The first sparkling wine I ever made was a black cherry. It was supposed to be a semi-sweet still wine, so when I opened the first bottle at a social event, I was both surprised and disappointed by the profuse eruption of bubbles. My guests, however, were not disappointed, but suggested it would have been better served chilled. I suspect many sparkling wines have been made unintentionally, but here we will focus on making such wines intentionally, limiting our discussion to sparkling country wines like my black cherry.
We do not know who made the first sparkling wine, but like mine it was almost certainly an accident. We do know that the ancient Greeks and Romans mentioned them, but had no idea how they happened to be. In 1662 the English scientist Christopher Merret published a method for the deliberate production of effervescent wines by adding sugar before bottling, six years before the Benedictine monk Dom Pérignon arrived at the abbey at Hautvilliers where he became famous as cellarmaster. Since then, the method was known.
Methods for Making Sparkling Wines
The challenge of deliberately creating sparkling wines was overcome with Merret’s work. Refining the techniques involved took longer to work out, and here Dom Pérignon must receive his due. While Merret described it, the monk perfected the méthode champenoise — a complete, complex method for the production of sparkling wines.
The Italians developed the second method of creating sparkling wines, which appropriately is called Metodo Italiano or the Charmat process. Here the second fermentation is conducted in bulk tanks and the wine bottled under pressure. This is not a practical method for most home winemakers.
A third method involves making the sparkling wine in bottles using an abbreviated méthode champenoise and then transferring it to tanks for blending or additional aging. It is then bottled under pressure. This is appropriately called the transfer method, but like the Charmat process is impractical for most home winemakers.
The fourth method simply injects carbon dioxide (CO2) into a still wine in much the same way soft drinks are carbonated. While home winemakers could easily purchase or rent the equipment necessary to utilize this method themselves, there are two disadvantages to the sparkling wines produced. The first is that the wine’s bubbles, like the bubbles released from soft drinks, are large. The second disadvantage is that the bubbles are released fairly rapidly, leaving a still wine in the glass or bottle. Conversely, the other three methods result in fine, small bubbles that are released slowly.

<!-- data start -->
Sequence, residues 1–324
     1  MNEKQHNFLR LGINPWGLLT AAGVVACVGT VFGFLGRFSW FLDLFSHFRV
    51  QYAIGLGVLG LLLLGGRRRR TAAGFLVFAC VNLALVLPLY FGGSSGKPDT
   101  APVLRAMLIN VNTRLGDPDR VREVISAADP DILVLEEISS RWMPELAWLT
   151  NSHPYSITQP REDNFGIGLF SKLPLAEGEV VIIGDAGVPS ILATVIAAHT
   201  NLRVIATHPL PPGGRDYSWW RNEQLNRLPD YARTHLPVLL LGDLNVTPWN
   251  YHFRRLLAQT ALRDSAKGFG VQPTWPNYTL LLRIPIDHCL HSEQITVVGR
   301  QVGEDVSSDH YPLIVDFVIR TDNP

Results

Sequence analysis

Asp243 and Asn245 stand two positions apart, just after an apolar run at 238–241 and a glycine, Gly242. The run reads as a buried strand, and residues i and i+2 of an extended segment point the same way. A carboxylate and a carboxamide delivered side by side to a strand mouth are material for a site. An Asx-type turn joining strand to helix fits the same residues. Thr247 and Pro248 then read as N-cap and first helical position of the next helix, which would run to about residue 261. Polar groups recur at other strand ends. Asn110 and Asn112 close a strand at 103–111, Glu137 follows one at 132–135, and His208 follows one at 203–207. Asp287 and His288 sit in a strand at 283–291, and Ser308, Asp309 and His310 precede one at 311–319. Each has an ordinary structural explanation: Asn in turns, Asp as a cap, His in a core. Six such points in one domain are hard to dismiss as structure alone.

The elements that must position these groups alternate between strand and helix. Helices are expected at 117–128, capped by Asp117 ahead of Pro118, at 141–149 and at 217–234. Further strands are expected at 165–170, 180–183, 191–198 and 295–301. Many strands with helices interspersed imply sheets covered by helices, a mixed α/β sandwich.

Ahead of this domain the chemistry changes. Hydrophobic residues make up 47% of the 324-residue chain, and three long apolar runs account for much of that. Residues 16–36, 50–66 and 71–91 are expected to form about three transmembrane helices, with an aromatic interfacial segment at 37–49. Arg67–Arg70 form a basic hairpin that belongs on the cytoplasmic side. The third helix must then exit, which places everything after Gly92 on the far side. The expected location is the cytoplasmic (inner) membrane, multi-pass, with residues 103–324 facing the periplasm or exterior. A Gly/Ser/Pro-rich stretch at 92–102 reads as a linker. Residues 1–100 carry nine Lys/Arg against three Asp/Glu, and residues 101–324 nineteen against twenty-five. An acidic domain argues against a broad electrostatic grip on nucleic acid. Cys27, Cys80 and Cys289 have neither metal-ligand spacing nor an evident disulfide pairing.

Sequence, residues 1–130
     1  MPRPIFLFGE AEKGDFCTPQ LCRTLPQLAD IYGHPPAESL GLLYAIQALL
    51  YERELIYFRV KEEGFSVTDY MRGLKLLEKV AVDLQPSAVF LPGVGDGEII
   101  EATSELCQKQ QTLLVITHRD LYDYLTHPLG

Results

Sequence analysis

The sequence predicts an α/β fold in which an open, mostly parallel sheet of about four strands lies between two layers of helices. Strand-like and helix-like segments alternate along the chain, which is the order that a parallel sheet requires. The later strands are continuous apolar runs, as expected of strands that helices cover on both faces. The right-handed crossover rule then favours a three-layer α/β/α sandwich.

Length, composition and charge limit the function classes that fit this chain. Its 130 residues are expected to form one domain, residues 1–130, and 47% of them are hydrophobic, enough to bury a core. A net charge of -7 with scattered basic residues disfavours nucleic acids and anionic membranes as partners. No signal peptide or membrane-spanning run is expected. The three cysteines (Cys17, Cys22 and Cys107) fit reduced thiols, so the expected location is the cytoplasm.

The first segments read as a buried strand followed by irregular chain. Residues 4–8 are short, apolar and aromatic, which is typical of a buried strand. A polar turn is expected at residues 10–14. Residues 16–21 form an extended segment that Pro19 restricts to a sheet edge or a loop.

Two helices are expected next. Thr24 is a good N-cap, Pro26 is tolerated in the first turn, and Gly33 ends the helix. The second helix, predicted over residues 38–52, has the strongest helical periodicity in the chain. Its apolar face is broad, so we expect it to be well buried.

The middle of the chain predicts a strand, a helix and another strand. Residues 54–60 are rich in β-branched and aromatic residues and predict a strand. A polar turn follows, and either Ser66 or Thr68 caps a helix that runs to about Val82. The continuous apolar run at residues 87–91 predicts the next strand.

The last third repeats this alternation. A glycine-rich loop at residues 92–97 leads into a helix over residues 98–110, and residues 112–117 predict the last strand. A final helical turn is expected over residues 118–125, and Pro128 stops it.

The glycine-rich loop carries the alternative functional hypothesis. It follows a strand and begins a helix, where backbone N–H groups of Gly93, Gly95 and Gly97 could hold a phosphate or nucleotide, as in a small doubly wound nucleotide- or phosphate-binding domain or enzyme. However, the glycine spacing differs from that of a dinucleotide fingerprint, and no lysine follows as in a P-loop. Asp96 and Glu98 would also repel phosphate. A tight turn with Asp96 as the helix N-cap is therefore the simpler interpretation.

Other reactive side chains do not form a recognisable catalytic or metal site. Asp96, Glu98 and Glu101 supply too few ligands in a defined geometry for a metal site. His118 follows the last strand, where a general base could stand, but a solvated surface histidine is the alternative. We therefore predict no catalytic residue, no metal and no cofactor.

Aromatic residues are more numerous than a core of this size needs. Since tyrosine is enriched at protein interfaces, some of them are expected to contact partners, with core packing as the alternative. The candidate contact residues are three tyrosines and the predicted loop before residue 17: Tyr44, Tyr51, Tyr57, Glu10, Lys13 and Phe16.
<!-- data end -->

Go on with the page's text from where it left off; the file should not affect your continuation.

The Méthode Champenoise
One can clearly see from the above that the méthode champenoise is the only practical method for making quality sparkling wines at home. The method essentially requires fermenting a must to about 11.5% alcohol by volume (ABV), bottling it, reinitiating fermentation in the bottle, sealing the bottle until the yeast die off and the wine ages, collecting and removing the dead yeast, and resealing the bottle. Let us look at the separate elements involved.
With few exceptions, fruit and berries suitable for country wines will not have natural sugar sufficient to produce a base wine high enough in alcohol to suit our needs. Furthermore, it will probably need dilution to adjust the acidity. Thus, the must will need sugar and nutrients in order to reach the desired base wine potential for making a sparkling wine.
The base wine should not have an alcohol content lower than 10% or higher than 11.5% by volume. Sugar additions should be calculated so the must will ferment to dryness within this window.
Fruit and berries should be harvested based upon the flavor and aroma of the juice, as well as analysis of sugar, titratable acid (TA) and pH. Allowing them to reach absolute maturity is not desirable without a predictive harvest history reaching back several years. It would be better to harvest just under ripeness than over. In warmer climates, mature fruit flavors and aromas usually can be detected when the sugar concentrations are below their expected peak and TA is still high. The pH of the juice should be low — the closer to 3.0 (or slightly lower) the better.